The Value of a Band of Brothers

WHM146809 Portrait of William Wilberforce (1759-1833), 1794 (oil on canvas) by Hickel, Anton (1745-98) oil on canvas © Wilberforce House, Hull City Museums and Art Galleries, UK German, out of copyright

William Wilberforce is best known as the British Member of Parliament who dedicated his life to abolish slavery. Many books and stories, and even a movie, focus primarily on the man, his faith in Christ, and his valiant and triumphant efforts against slavery. These are the central themes of his story, but it is an incomplete story without considering what became called, after his death, the “Clapham Sect.”

For a time, Wilberforce, and a group of close friends, lived in a suburb south of London called Clapham. This group gelled into what we might today call a “band of brothers.” The group was to Wilberforce what the American “Miracle on Ice” team was to Jim Craig and Mike Eruzione. They were Bruce Springsteen’s E Street Band. They were to one another what the Apostles were to each other in the first century church.

The Clapham Sect devoted themselves to one another; they provided encouragement and support when all hope seemed lost. Some of them lived together. They played together. They also challenged one another’s ideas and ideals in order to sharpen and fine tune their understanding of themselves, their God, and each person’s mission.

One effort supported by the Clapham Sect was Wilberforce’s triumph in leading Parliament in outlawing the slave trade and eventually slavery itself. His battle to end slavery endured for decades. All the while, his Clapham friends were at his side. Another outcome of the Clapham Sect was Wilberforce’s book, A Practical View of the Prevailing Religious System of Professed Christians in the Higher and Middle Classes in This Country Contrasted with Real Christianity. (Yes, that’s actually the title of the book.) It was Hannah More, of the Clapham friends, who encouraged Wilberforce to write this manifesto of his spiritual journey and essentials of the Christian faith. The book became an unprecedented international bestseller. It saw 15 editions in Britain and 25 in the United States. It was also translated into French, Dutch, Italian, Spanish, and German.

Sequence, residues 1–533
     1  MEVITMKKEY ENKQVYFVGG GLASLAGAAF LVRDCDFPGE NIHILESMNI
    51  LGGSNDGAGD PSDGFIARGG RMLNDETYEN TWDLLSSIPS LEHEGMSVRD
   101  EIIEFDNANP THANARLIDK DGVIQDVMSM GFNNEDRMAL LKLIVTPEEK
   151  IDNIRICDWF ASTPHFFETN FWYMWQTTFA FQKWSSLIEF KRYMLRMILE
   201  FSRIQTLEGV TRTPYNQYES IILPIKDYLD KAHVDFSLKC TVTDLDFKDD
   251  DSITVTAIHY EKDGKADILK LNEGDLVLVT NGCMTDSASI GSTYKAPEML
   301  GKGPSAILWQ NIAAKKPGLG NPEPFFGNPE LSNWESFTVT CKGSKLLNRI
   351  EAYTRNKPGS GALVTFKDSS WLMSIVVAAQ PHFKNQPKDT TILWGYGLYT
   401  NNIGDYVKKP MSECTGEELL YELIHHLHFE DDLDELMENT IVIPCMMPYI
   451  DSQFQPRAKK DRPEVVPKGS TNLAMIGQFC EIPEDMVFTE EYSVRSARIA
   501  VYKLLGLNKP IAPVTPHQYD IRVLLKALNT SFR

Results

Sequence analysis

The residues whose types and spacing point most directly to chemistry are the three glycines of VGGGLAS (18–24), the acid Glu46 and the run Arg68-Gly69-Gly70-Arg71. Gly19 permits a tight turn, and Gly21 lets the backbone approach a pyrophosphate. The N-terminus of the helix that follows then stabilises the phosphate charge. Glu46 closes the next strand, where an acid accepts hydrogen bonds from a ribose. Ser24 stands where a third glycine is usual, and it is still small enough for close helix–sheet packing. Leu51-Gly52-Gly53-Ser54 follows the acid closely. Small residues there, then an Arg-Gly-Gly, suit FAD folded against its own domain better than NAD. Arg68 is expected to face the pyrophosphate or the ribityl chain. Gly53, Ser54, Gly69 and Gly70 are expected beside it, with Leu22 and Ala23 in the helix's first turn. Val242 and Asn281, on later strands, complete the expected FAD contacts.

We all have friends and many of us belong to a group of friends that hangs together. However, a true band of brothers is different. The band digs deeper into life and living. Wilberforce’s Clapham Sect offers several lessons to consider and learn from.

  • The group was very diverse, including not only men and women (keep in mind this was the late 18th and early 19th century), but also people across many slices of British society.
  • They actively challenged one another’s thinking and beliefs.
  • Their faith in Christ was the primary factor that bound them together.
  • The group was active in society and interacted with a broad array of people and organizations.
  • Their respective families were a priority for the individuals, and also for the entire group.
  • They were strategic and intentional in every pursuit, carefully researching and planning all campaigns.
  • The group maintained a long-term vision and kept up hope during short-term losses.

Who is your band of brothers? What do you believe in? What is the purpose of your group?

I believe every leader needs to be a part of a brotherhood. Your group may be smaller, perhaps five or six. You might not outlaw slavery or write an international bestseller. You might not touch so broad a range of society. The point, though, is to be strategic in your personal and leadership development, to be focused on your purpose and on fulfilling God’s call.

I encourage you to read more about Wilberforce and his friends from Clapham in these two resources:

Dr. Scott Yorkovich is a leadership coach and consultant. He works with individuals, small and medium organizations, and ministries. Contact him at ScottYorkovich[at]LeadStrategic.com with your questions.

Photo Credit:
Portrait of William Wilberforce (1759-1833), 1794 (oil on canvas) by Hickel, Anton (1745-98). oil on canvas
© Wilberforce House, Hull City Museums and Art Galleries, UK. German, out of copyright

Leave a Reply

Fill in your details below or click an icon to log in:

WordPress.com Logo

You are commenting using your WordPress.com account. Log Out / Change )

Twitter picture

You are commenting using your Twitter account. Log Out / Change )

Facebook photo

You are commenting using your Facebook account. Log Out / Change )

Google+ photo

You are commenting using your Google+ account. Log Out / Change )

Connecting to %s